statement of means
New rules, the District Court (Enforcement of Court Orders) Rules 2010, came into effect in April, 2010 and deal with the enforcement of Court orders and Judgments.
Assuming you have obtained a judgment against a debtor in the District Court or you have had a judgment or Court order given against you for a debt- what happens next?
How it the judgment enforced?
District Court (Enforcement of Court Orders) Rules 2010
The solicitor for the creditor will issue a summons for the attendance of the debtor and if served by hand must be served at least 14 days before the Court date; if served by registered post it must be served 21 days before the hearing date.
The summons will have attached to it a Statement of Means which must be filled out by the debtor and lodged in the District Court office at least 1 week before hearing.
The solicitor for the creditor will need to lodge
1. The original Decree
2. An affidavit of residency confirming that the debtor lives where the summons has been served
3. A certificate of amount due.
It is up to the Judge then to decide how much the debtor should be paying based on the statement of means and will make an order called an Instalment Order requiring the debtor to pay a fixed amount monthly or weekly.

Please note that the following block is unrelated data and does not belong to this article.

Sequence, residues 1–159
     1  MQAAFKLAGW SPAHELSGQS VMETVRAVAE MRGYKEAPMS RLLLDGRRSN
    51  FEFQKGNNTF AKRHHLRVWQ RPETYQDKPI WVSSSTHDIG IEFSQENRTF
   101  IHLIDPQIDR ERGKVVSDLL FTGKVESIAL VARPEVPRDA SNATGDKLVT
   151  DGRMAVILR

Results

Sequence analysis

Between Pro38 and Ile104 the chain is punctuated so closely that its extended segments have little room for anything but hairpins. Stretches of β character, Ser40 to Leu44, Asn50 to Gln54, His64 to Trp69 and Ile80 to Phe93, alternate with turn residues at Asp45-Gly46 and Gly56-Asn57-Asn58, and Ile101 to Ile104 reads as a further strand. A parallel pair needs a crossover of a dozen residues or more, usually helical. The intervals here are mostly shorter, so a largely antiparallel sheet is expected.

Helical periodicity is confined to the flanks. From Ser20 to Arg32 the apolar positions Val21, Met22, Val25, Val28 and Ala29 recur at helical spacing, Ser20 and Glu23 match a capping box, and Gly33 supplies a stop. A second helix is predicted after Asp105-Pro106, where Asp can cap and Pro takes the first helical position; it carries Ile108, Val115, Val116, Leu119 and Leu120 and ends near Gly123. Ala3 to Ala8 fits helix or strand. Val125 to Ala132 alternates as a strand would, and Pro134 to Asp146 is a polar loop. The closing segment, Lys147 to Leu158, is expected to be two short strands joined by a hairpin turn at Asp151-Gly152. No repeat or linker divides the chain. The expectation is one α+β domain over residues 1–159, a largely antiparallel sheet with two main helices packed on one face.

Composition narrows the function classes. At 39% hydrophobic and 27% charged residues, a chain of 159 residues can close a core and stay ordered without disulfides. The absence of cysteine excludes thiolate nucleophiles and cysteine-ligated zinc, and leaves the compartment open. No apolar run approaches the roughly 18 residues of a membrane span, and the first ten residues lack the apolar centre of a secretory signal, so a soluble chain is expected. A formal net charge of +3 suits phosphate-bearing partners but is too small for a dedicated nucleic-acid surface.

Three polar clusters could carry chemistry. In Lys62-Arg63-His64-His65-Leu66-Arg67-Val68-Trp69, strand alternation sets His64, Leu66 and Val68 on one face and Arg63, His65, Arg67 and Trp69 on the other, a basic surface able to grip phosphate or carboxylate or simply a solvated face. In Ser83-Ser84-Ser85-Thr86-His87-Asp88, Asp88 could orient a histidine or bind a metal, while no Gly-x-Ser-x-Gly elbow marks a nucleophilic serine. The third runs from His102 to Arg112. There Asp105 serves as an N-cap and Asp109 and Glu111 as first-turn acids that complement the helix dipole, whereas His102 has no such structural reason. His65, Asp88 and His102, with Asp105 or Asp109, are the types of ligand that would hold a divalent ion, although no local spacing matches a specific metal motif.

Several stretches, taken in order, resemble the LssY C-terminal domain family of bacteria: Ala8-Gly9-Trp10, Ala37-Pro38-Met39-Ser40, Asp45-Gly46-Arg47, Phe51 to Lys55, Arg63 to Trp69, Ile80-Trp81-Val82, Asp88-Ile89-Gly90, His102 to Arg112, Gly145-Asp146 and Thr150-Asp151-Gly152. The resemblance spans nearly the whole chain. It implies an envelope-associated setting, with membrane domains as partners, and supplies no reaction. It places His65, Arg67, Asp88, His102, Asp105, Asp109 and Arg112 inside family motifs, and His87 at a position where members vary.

This instalment order must then be served on the debtor and will remain in force for 12 years from the date that Judgment was granted.
If the instalment order is not complied with the creditor can issue a Summons for Failure to Comply with An Instalment order.
This next appearance in Court by the Debtor may lead the Judge to granting a Committal order committing the debtor to prison.
However since the Caroline McCann/Monaghan Credit Union case it is much more difficult to commit a debtor to prison and the Court must be satisfied that the Debtor will not pay as opposed to being unable to pay.
You can, as the creditor, also register a Judgment mortgage on the debtor’s property, if he is the registered owner. The power of sale of the property though on foot of a judgment mortgage can only be exercised through the courts.
Should you need any assistance arising from this article and need a solicitor feel free to contact Solicitors Dublin.
Here is a link to the legislation: District Court (Enforcement of Court Orders) Rules, 2010